Planning on Retiring in Idaho? You May Want To Make Other Plans

There’s a lot to like about Idaho. It’s naturally beautiful, has a relatively affordable cost of living, and of course, there’s a lot of Boise State fans if you’re into that. However, if you’re planning on retiring in Idaho you may want to look elsewhere.

Despite being one of the fastest growing states, Idaho isn’t seen as a great destination for retirees. The reason? Taxes, according to a recent article in the Idaho business review. 

“Idaho is not a particularly good place to retire, from a tax standpoint, and not bad,” Kevin Cahill, senior economist, partner, and project director for ECONorthwest, a Portland economics consultancy. Cahill works in Boise.

The article, and Kevin Cahill, is quick to point out that as is the case with many states: your mileage may vary. However, taxes are a big factor for those planning on retiring in Idaho or anywhere.

Here are five key tax areas for retirees to consider.

Individual Income Tax

Idaho does not offer any age-based breaks on individual income tax. No retiree benefit to be had there. Social security benefits, however, are exempt from state income tax. Some federal, state, and local pensions are also tax exempt. This would apply mostly to civil servants such as police and firefighters.

Sales Tax

Idaho has it. Some nearby states don’t. At 6.0%, Idaho’s state sales tax is relatively manageable. However, it does rank in the top 13 for highest sales tax. However, it’s nowhere near the sales tax rate in California, New York, Illinois, Texas, and others. These states all see sales tax rates above 8.0%.

At 6.0%, Idaho’s sales tax is in the neighborhood of Kentucky, West Virginia, and Maryland. However, the state is surrounded by Oregon and Montana; both states without a sales tax.

Local Sales Tax

6.0% may be relatively low, however that’s only the state sales tax. In certain areas of Idaho additional taxes may apply. These are almost exclusively “resort” type areas such as Sandpoint or Sun Valley. The downside? These are popular retirement destinations.

The moral? Investigate before you move. Nothing worse than experiencing sticker shock on your next restaurant check.

Property Taxes:

If you’re planning on retiring in Idaho, you’re likely looking to buy a home or condo. Homeowners who are over 65 and low income may qualify for a reduction in property taxes. There is also a standard homeowner’s exemptions which most Idahoans would qualify for.

Beyond that, there are no specific property tax deductions for retirees.

Estate/Inheritance Tax:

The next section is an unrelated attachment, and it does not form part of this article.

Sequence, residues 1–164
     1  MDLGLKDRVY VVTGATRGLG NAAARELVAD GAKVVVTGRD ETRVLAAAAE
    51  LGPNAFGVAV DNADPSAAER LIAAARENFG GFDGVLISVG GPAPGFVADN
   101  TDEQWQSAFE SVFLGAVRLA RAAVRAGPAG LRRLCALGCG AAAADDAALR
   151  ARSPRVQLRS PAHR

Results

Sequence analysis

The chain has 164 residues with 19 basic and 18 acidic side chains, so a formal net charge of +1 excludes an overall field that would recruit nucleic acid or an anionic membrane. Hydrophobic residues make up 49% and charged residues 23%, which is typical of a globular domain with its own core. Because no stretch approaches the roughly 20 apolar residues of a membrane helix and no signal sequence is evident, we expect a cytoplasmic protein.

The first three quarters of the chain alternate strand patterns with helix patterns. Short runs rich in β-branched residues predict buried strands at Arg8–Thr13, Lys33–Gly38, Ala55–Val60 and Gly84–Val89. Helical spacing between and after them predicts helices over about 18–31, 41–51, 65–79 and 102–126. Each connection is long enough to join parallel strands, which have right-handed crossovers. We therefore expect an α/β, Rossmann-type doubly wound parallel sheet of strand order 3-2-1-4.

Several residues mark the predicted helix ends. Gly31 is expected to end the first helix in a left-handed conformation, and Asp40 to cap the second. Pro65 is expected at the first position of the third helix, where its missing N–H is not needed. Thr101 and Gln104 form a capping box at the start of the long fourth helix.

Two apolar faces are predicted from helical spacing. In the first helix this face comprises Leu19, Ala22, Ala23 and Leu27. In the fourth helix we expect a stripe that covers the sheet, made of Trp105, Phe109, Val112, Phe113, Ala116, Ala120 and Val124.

The good news if you’re planning that far down the line is that Idaho does not have any estate or inheritance tax to worry about.

Come To Idaho… But Not Because of the Taxes

As far as taxes are concerned, if Idaho is the story of Goldilocks, the tax structure for retirees is neither too hot nor too cold. However, it isn’t “just right” either. Some, but not all of Idaho’s tax laws are beneficial to retirees.

Others may leave you wanting.

The conclusion as drawn from the Idaho Business Review is that people are indeed retiring in Idaho. It just isn’t necessarily because of the taxes.

“I’m a retiree who came to Idaho, but I didn’t come here for its tax structure – I came here for family,” said Gail Lusk, Tax-Aide District Coordinator for Boise and surrounding areas for AARP, a nonprofit, nonpartisan organization for Americans over 50.

Where Will You Retire?

There are plenty of Americans who are retiring in Idaho. Some will be pleased with their cost of living while others may find it a bit too taxing. The truth is that your individual circumstances and location will have a huge impact on cost of living.

That’s where City vs City can help!

City vs City is a powerful cost of living calculator which uses real, local data to determine your cost of living expenses. Simply input your data, enter your current zip code, and let City vs City show you your real cost of living.

Then, enter another zip code of your choosing and compare costs. City vs City’s powerful technology will show you a side by side comparison of your current and prospective costs of living.

How does Boise Idaho stack up against Springfield, Illinois? Miami, Florida vs Seattle, Washington. City vs City can show you how your cost of living would change if you were to move to a different city.

If you’re planning on retiring in Idaho, moving to a different city, or just want to see how your expenses might change: download City vs City today and start comparing.